In Forbes’ ninth annual “30 Under 30” list, released Dec. 3, featuring the latest class of 600 young entrepreneurs, risk-takers and game changers who are redefining what it means to innovate and lead by example, several Indian Americans and South Asian Americans were featured in the Law & Policy, Education, Finance, and Healthcare category. (See separate India-West stories on Indian American honorees in the other categories.)

In Law & Policy, Indian American Matthew Asir, 22, founder of the Legal Bullet; Ritika Dutt, 28, co-founder of Botler AI; Karthik Ganapathy, 28, partner at mvmt communications; and Varshini Prakash, 26, co-founder of Sunrise Movement, were named honorees.

Forbes notes that Asir founded the Legal Bullet during his freshman year at the University of Chicago. The organization, a combination of proprietary legal tech and a network of immigration attorneys, promotes legal immigration and immigrant entrepreneurship by making legal services accessible and affordable.

Dutt launched Botler AI because she believed tech could play a critical role in providing legal support to people dealing with sexual violence and misconduct. Available 24/7, the online tool triages users' cases and provides guidance, according to the Forbes report.

After working on Bernie Sanders' 2016 presidential campaign and running communications for Keith Ellison, Ganapathy co-founded mvmt, a communications shop dedicated to progressive Democratic candidates running on ambitious platforms, such as Medicare for All and the Green New Deal, the Forbes report said.

Prakash is co-founder of the Sunrise Movement, a climate change nonprofit that rocketed to fame in 2018 after staging a sit-in at House Speaker Nancy Pelosi's office to back the Green New Deal. This September, her group organized the Global Climate Strike, mobilizing more than 3 million people in 150 countries to hit the streets to demand climate change action, the Forbes report said. A first-generation college graduate, Prakash saw firsthand the devastation wrought by floods in her parents' home country of India. Along with cofounder Evan Weber and six others, she launched Sunrise to organize legions of young people to fight for climate reforms. With $6.5 million in funding from foundations and grassroots donations, Sunrise has 50 full-time staff and outposts in more than 200 cities.

Samyr Qureshi, 26, co-founder of Knack; and Rukhsar Neyaz, 26, co-founder of Stellic, were among the Education category honorees.

Qureshi and Dennis Hansen’s Knack is a website where college students connect with others on campus for tutoring and mentoring at a 20% cut. After three years it is in 50 school across the U.S. with an army of 5,000 tutors. Both founders are graduates of the University of Florida.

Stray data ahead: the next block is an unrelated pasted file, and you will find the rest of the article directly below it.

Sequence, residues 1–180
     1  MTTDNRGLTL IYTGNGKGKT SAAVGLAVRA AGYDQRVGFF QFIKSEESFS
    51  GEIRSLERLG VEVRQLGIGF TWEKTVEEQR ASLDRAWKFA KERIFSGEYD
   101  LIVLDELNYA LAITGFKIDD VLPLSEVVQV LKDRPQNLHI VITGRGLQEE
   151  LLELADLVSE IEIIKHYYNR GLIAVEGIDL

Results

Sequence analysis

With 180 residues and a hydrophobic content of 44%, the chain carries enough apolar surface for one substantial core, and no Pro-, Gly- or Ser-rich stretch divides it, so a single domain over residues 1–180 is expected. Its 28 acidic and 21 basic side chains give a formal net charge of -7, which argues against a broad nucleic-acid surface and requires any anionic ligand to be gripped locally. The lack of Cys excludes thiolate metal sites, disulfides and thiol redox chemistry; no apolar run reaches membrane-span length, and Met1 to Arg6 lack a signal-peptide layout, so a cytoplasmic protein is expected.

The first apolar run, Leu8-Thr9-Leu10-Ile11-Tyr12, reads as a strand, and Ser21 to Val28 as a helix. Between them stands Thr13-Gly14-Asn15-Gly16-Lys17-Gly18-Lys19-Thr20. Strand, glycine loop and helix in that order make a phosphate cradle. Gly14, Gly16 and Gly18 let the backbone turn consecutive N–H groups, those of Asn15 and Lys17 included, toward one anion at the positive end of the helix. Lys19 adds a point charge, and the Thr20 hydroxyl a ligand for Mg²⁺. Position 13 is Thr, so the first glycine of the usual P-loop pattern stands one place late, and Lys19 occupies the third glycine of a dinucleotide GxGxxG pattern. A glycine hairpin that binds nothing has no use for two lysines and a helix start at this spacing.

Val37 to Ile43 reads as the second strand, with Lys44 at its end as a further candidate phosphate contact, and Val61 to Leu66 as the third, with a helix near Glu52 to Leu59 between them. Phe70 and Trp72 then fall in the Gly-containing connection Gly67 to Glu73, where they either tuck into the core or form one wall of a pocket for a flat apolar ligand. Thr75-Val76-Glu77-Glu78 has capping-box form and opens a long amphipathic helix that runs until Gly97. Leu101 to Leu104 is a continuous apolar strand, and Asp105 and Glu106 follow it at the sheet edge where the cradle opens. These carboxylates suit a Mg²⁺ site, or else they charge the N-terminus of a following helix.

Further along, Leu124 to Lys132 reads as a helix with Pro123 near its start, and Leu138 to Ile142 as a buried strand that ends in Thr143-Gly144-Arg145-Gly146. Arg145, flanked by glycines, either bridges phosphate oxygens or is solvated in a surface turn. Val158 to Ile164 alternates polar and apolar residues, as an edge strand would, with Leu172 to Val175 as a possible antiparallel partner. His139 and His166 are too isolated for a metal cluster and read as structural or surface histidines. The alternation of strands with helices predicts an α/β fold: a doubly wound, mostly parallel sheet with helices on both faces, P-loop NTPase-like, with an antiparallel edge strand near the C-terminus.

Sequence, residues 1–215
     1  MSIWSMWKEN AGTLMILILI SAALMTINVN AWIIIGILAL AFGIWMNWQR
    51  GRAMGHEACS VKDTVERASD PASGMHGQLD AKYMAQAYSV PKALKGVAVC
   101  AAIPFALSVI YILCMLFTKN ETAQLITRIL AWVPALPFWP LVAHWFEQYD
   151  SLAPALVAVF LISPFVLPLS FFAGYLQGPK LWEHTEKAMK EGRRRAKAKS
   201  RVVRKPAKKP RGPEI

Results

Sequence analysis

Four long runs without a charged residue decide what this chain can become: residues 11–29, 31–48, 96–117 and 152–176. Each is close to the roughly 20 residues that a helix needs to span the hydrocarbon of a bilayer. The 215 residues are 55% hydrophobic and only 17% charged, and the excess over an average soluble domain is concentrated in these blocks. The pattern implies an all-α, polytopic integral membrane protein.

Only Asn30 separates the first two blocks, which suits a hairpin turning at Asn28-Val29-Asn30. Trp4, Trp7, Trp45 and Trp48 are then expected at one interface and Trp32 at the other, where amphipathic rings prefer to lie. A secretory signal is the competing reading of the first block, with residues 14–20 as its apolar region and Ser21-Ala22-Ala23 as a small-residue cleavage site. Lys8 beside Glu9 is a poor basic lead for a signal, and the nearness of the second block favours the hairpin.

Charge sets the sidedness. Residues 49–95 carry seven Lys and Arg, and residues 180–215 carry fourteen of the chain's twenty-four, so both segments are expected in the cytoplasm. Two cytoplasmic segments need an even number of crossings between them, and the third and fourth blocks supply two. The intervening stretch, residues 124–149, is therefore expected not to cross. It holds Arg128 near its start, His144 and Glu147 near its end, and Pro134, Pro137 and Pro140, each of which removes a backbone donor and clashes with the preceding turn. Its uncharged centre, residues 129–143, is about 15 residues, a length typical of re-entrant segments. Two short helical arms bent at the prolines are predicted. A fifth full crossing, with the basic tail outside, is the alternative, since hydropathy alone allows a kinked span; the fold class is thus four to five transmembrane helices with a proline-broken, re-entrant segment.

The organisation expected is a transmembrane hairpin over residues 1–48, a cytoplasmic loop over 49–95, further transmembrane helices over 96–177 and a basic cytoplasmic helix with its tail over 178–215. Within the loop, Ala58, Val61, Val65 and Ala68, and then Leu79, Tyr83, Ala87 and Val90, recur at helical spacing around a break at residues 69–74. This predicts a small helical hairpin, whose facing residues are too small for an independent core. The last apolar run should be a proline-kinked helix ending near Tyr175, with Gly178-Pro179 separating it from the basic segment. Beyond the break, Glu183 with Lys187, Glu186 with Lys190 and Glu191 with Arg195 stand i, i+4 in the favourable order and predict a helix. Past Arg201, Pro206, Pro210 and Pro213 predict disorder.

Neyaz and Sabih Bin Wasi, two international students (from India and Pakistan, respectively), founded Stellic out of the frustration they faced after enrolling at Carnegie Mellon. Stellic takes a unified, AI-driven, student-centric approach to create pathways to graduation. With the platform, students can build their plans; advisers can identify students at risk of dropping out; and administrators can leverage the data to predict course demand and advising performance, Forbes said.

Moiz Khan, 29, a Pakistani American analyst at Palestra Capital, was named a Finance category honoree.

Khan is driving $1 billion of investments at Palestra Capital, a strong-performing $3.5 billion hedge fund. He focuses on financial technology and vertical software stocks.

In Healthcare, Kunal Parikh, 29, research associate at Johns Hopkins University; Vijay Ramani, 29, principal investigator at U.C. San Francisco; and Sana Raoof, 29, researcher at Harvard University, were named to the list.

Parikh leads a team at Johns Hopkins aimed at finding and commercializing biomedical solutions for unmet medical needs. A serial entrepreneur as well as a researcher, Parikh founded his first company, Core Quantum Technologies, in college. He has also recently created another company, Eyedea Medical, which aims to improve access for corneal transplants, Forbes said.

Raoof is a researcher focused on reducing the burden of tobacco-related disease and lung cancer in America. During her Ph.D. research, she characterized evolutionary drug-resistance in a subtype of non-small cell lung cancer and discovered a drug combination that might prevent resistance. Her expert testimony has led to changes in smoking laws in different jurisdictions, the Forbes report said.

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